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I want to implement a function with OpenGL to render a cylinder in C++. The signature of my function is as follows:

#define POINTS_NUM  15
#define DEMESION    3

void drawCylinder( int slices, int segments, GLfloat (&vertices)[ POINTS_NUM ][ DEMESION ] );

I want to use a reference to a two-dimensional array to limit user input, but some strange behavior is happening. When I implement the function declared as above, an linker error occurs:

Error 1 error LNK2005: "float (* vase)[3]" (?vase@@3PAY02MA) already defined in shapes.obj vase.obj VaseAndAnimation

Here vase is defined as:

GLfloat vase[ POINTS_NUM ][ DEMESION ];

At first, I thought there was something wrong with the last dimension. So I omitted it in my second trial. This time declaration of my function is like this:

void drawCylinder( int slices, int segments, GLfloat (&vertices)[ POINTS_NUM ][] );

Now a compile-time error occurs when invoked as (vase definition isn't changed):

drawCylinder( 10, 10, vase );

Compile error:

Error 1 error C2087: 'vertices' : missing subscript d:\visual studio 2008\projects\project1\computer graphics\vaseandanimation\shapes.h 25 VaseAndAnimation

Error 2 error C2664: 'drawCylinder' : cannot convert parameter 3 from 'GLfloat [14][3]' to 'GLfloat (&)[14][1]' d:\Visual Studio 2008\Projects\Project1\Computer Graphics\VaseAndAnimation\vase.cpp 64 VaseAndAnimation

Error 3 error C2087: 'vertices' : missing subscript d:\visual studio 2008\projects\project1\computer graphics\vaseandanimation\shapes.h 25 VaseAndAnimation

Error 4 error C2087: 'vertices' : missing subscript d:\Visual Studio 2008\Projects\Project1\Computer Graphics\VaseAndAnimation\shapes.cpp 12 VaseAndAnimation

From this error, I can see that parameter vertices is really treated a reference to a two-dimensional array, but why is vase parsed as float (* vase)[3] in my first version?

My IDE is Visual Studio 2008. I haven't tried it with GCC; is that behavior compiler-dependent?

Hope someone can give me a hand to get rid of the trap.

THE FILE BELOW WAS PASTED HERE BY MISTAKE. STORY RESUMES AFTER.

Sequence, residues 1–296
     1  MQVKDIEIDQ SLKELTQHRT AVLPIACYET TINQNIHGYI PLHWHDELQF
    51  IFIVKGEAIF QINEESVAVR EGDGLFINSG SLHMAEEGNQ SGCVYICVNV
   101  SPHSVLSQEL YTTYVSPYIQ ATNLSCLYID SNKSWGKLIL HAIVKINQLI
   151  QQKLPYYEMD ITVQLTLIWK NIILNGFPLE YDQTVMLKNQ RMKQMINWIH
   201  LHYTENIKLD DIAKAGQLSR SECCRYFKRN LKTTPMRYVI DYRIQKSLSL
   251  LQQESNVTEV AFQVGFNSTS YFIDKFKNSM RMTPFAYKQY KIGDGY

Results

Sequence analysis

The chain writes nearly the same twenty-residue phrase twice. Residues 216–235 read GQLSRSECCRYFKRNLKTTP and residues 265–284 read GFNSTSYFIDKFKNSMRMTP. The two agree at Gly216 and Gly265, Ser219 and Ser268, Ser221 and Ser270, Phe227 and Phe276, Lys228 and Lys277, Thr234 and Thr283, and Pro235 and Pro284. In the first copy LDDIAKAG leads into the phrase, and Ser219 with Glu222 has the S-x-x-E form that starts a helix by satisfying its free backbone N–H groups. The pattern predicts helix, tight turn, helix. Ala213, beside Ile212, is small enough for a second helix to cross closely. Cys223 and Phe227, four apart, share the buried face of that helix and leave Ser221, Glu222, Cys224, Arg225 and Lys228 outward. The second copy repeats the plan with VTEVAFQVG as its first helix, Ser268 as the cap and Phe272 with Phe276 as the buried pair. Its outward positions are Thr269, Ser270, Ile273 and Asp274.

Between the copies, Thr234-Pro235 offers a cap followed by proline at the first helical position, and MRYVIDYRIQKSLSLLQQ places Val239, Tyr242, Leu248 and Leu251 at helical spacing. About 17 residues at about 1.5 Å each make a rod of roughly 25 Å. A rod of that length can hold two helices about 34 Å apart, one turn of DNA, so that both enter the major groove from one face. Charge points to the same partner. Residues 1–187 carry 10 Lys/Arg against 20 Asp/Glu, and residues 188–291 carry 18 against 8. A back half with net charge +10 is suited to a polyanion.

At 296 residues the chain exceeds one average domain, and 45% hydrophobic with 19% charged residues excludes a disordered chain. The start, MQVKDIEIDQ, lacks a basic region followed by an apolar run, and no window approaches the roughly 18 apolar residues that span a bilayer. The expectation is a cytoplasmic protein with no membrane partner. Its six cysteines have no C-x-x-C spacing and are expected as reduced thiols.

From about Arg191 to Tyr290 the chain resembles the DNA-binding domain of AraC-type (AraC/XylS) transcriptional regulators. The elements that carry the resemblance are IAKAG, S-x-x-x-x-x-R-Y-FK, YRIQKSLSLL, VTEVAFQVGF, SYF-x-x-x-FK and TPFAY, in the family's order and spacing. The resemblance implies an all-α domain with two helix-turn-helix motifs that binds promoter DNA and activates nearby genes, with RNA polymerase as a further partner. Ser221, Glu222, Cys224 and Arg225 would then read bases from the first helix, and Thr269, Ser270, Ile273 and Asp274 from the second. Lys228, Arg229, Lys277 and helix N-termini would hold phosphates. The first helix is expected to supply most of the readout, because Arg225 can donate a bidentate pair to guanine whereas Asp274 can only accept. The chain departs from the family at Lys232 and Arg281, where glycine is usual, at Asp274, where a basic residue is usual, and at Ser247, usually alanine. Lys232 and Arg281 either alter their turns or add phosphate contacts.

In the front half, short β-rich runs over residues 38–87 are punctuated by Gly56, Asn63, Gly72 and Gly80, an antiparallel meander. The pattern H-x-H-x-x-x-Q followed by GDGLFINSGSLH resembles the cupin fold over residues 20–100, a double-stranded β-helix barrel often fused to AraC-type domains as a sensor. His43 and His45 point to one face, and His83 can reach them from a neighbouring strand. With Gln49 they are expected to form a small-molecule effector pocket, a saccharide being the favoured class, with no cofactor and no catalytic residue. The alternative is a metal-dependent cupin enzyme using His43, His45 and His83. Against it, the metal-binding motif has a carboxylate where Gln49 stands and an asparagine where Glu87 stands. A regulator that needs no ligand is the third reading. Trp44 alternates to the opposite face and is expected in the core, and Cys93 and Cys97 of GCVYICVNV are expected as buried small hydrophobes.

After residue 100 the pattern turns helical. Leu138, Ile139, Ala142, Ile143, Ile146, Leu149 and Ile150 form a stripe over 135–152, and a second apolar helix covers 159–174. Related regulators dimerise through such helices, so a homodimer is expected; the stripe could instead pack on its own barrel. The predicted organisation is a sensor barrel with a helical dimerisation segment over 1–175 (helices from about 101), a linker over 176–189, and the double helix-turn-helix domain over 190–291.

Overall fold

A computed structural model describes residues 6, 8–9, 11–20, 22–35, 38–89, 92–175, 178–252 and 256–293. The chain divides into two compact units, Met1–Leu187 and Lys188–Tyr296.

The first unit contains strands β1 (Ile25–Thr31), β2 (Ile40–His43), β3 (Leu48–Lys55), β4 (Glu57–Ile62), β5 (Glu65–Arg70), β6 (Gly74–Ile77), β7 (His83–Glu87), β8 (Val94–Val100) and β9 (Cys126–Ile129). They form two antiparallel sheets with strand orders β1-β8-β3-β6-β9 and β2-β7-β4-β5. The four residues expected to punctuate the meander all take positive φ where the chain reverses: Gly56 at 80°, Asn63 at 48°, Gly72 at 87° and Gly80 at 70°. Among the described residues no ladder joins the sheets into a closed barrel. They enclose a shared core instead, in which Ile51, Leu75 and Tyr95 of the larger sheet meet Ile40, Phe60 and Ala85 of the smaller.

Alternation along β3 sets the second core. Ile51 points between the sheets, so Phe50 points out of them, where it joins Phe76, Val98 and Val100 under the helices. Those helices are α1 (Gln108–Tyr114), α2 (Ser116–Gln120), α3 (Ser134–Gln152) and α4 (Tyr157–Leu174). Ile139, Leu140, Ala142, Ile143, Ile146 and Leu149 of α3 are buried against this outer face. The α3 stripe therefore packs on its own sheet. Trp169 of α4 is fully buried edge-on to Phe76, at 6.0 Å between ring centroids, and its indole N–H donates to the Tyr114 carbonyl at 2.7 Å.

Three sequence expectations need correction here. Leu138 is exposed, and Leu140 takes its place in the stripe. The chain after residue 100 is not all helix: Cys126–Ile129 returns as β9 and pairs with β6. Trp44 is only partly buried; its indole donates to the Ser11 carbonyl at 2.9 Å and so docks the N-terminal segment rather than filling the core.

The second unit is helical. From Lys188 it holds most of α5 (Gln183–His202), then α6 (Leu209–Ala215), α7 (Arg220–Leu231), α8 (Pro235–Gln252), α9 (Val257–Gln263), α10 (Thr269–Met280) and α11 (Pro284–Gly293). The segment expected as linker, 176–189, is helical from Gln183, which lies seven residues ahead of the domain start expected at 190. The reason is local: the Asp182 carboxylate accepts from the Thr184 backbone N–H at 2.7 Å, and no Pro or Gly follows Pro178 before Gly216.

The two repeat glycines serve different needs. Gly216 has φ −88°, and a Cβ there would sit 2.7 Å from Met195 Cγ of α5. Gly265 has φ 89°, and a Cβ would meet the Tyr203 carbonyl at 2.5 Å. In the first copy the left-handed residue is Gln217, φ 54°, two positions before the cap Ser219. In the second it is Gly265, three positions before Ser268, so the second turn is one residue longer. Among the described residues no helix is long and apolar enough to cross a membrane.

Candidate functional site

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up vote 2 down vote accepted

Your first declaration is fine. Seems to be you have defined vase in a header file.

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Yes, you're right. After carefully check my code, I find the vase is defined just before the function declaration. But why I can't define the array in header file? I didn't know any limit about that. Thanks. – Summer_More_More_Tea Jun 24 '10 at 4:49
Your header is included in several cpp files. This means that vase will be defined several times. You can declare it in a header and then defined it in one of cpp files. – Kirill V. Lyadvinsky Jun 24 '10 at 4:58
Yes, I know this case. But, I've defined a macro to avoid duplicate included. There's still the problem. – Summer_More_More_Tea Jun 24 '10 at 5:06
Macro doesn't do the job in this case. You'll get one vase per cpp file. – Kirill V. Lyadvinsky Jun 24 '10 at 8:09

It looks like the problem is just that vase is being defined in a header file. You should only declare variables in header files.

This causes a problem because the multiple definitions produce multiple of the same symbol, which confuses the linker (hence the linker error). When the linker tries to match up references to the variable to the actual definition, it doesn't know which one to use.

Header guards don't protect against this. The macros used in a header guard are only defined per translation unit. Every time your compiler starts to compile a new .cpp file (ignoring unity builds etc.), that's a new translation unit and essentially the compiler is starting from scratch, not knowing about any symbols that have been previously defined.

To fix this, only declare your variables in header files:

// extern specifies that the definition is elsewhere.
extern int myGlobalVariable;

and then define that variable in one source file.

int myGlobalVariable;
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